Under the name "Laser" a substance supposed to have been asafoetida, (Ferula foetida), has from all time been used in India and Persia, and thence long exported, a duty being levied thereon at the Roman Custom House of Alexandria. Under the name Hingu it is mentioned in Sanscrit works, as well as in Susruta (622). Arabian and Persian travelers of the Middle Ages knew it. Ali Istakhri (337), of ancient Persepolis, in the tenth century, states that it was abundantly produced between Sistan and Makran of Beluchistan, and was used by the people as a condiment. It has ever been employed in Arabic therapy. Matthaeus Platearius (513), nearly a thousand years ago, mentioned it in his work on simple medicines, "Circa instans." Otho of Cremona, near that period, states that the more fetid the drug, the better its qualities. The "Physicians of Myddvai" (507) valued it highly. Briefly, this drug drifted into European conspicuity from the Orient, where it had been empirically used from the remotest antiquity.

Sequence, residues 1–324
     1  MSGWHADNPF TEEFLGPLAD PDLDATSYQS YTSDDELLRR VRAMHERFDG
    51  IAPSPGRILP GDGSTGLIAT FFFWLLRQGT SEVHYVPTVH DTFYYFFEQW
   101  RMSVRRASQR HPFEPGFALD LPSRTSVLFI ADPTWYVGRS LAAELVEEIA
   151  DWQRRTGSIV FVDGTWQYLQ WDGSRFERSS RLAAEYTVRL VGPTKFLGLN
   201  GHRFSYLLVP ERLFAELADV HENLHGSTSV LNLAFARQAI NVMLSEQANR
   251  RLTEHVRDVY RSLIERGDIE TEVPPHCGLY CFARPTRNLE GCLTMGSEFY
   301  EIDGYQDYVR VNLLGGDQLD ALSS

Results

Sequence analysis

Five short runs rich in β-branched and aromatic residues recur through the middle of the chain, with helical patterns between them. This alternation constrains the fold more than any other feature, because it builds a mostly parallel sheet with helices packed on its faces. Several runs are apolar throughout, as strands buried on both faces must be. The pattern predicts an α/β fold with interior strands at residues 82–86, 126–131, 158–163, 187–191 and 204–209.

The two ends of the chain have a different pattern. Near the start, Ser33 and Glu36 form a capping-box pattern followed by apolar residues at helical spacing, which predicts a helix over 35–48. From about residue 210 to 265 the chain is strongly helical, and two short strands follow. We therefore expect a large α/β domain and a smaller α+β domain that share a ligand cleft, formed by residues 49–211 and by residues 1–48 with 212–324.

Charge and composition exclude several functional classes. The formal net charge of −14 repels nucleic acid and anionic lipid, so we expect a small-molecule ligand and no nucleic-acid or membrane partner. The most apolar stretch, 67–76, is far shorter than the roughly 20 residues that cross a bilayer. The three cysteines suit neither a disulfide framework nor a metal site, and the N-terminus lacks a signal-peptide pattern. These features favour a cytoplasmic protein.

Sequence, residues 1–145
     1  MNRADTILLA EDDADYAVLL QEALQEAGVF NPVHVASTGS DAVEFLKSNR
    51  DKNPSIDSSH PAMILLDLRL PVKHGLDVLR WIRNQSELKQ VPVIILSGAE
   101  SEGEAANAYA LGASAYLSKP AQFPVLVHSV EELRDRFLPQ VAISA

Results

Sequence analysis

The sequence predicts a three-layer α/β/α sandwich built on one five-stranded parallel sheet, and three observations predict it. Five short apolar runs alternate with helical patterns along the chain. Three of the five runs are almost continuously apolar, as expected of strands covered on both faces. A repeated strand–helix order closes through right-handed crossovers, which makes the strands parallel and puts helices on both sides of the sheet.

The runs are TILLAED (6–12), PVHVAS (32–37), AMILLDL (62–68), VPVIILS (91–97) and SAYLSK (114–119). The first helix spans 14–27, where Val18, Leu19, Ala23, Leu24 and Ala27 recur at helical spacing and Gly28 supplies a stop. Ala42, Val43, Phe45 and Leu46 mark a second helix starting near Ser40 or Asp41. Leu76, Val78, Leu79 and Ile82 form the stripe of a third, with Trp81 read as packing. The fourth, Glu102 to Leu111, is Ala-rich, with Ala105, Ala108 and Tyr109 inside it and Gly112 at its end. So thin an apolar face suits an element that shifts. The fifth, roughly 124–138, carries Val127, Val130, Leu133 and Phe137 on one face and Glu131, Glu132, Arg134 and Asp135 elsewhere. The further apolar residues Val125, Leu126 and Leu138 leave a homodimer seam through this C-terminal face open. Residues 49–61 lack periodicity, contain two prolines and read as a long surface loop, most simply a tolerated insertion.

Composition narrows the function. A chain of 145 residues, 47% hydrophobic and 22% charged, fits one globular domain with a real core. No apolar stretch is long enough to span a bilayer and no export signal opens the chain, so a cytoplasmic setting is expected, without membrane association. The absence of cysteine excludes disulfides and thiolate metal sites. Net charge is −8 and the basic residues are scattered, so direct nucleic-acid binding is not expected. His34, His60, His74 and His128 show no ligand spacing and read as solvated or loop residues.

The History of the Vegetable Drugs of the U.S.P., 1911, was written by John Uri Lloyd.